All of this week's top headlines to your email every Friday.


 
 

 

Northrop, Navy celebrate legacy of EA-6B Prowler

Northrop Grumman photograph by Edgar Mills The U.S. Navy’s last operational EA-6B Prowler, designed and built by Northrop Grumman, lifts off from Naval Air Station Whidbey Island, Wash. in a ceremonial fly-away June 27 from its long time operational base. The Navy is retiring the Prowler after nearly 45 years of service.   The U.S....
 
 

Lockheed signs agreements for two full-flight simulators

Lockheed Martin Commercial Flight Training and Airbus have signed a frame contract enabling Airbus to expedite procurement of flight simulation devices for their customers, Airbus training centers and their affiliates worldwide. The frame contract emphasizes the shared intent to partner on future training programs, and combines Airbus’ and Lockheed Martin Commercial Flight Training’s expert...
 
 

Drone Aviation receives order for U.S. Army aerostat system enhancement

Drone Aviation Holding Corp., a developer of specialized lighter-than-air aerostats and tethered drones, announced June 24 that its wholly owned subsidiary, Drone Aviation Corp., has been awarded an order from U.S. Government prime contractor BAE Systems for parts and services related to enhancing and supporting two WASP aerostat systems owned and operated by the U.S....
 

 

Boeing names Muilenburg as chief executive officer

The Boeing board of directors has elected Dennis A. Muilenburg the company’s 10th chief executive, succeeding W. James (Jim) McNerney, Jr., who held the position for the past 10 years. Muilenburg, who has served as Boeing president and chief operating officer since 2013, becomes president and CEO July 1. McNerney, who joined Boeing’s board of...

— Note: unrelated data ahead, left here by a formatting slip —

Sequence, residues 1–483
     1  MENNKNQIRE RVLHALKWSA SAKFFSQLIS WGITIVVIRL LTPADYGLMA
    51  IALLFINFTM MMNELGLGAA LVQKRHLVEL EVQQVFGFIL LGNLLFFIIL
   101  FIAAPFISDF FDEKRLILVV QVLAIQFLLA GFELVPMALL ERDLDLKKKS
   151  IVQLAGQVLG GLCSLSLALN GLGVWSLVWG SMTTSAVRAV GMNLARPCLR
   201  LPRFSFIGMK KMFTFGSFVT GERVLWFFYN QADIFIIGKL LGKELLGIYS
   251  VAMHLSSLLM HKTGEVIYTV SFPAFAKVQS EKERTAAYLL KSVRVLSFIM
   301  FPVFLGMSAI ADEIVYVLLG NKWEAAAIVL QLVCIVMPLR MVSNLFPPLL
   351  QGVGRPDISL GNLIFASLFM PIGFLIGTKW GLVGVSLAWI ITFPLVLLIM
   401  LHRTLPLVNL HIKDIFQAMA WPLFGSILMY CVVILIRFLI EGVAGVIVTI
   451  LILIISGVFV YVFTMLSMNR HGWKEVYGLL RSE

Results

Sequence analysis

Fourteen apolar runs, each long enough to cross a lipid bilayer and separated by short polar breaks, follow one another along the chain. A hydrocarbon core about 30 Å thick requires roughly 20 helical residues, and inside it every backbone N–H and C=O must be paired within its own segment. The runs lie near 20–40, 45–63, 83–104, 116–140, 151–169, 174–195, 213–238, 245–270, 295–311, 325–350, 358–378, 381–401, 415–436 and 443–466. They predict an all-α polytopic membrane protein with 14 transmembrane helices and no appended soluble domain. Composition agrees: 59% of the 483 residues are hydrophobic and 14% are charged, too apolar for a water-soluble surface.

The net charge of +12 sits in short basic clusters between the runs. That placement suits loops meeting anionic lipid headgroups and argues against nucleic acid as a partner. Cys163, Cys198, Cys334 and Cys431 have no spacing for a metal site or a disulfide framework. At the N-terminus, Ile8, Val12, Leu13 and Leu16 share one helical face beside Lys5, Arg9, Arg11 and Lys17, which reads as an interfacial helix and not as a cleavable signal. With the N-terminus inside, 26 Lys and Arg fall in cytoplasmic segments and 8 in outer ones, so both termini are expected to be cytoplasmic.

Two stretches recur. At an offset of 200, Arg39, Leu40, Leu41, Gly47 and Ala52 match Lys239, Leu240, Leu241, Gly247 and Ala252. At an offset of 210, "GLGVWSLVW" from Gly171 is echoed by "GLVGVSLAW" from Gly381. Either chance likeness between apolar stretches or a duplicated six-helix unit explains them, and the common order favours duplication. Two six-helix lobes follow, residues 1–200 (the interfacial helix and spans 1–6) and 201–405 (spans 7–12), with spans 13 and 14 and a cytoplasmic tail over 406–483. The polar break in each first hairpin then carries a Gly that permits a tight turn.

boeing-thailand

Boeing, Thai Airways International celebrate 25th direct 777 delivery

  Boeing and Thai Airways International Public Company Limited celebrated the Thailand flag carrier’s 25th direct 777 delivery, a 777-300ER (Extended Range), from the Boeing delivery center in Everett, Wash.  “...
 
 

General Dynamics receives $219 million for U.S. Army’s WIN-T increment 2 systems

General Dynamics received the first full rate production order from the U.S. Army to build additional Warfighter Information Network – Tactical (WIN-T) Increment 2 systems.  The $219 million order includes the production of more than 300 vehicle-based network communication nodes along with related equipment and materials. WIN-T Increment 2 is the Army’s communications backbone providin...
 




One Comment


  1. Wolfman

    North American Aviation to Rockwell international to Boeing to UTC now back to Boeing ?



Leave a Reply

Your email address will not be published. Required fields are marked *

You may use these HTML tags and attributes: <a href="" title=""> <abbr title=""> <acronym title=""> <b> <blockquote cite=""> <cite> <code> <del datetime=""> <em> <i> <q cite=""> <s> <strike> <strong>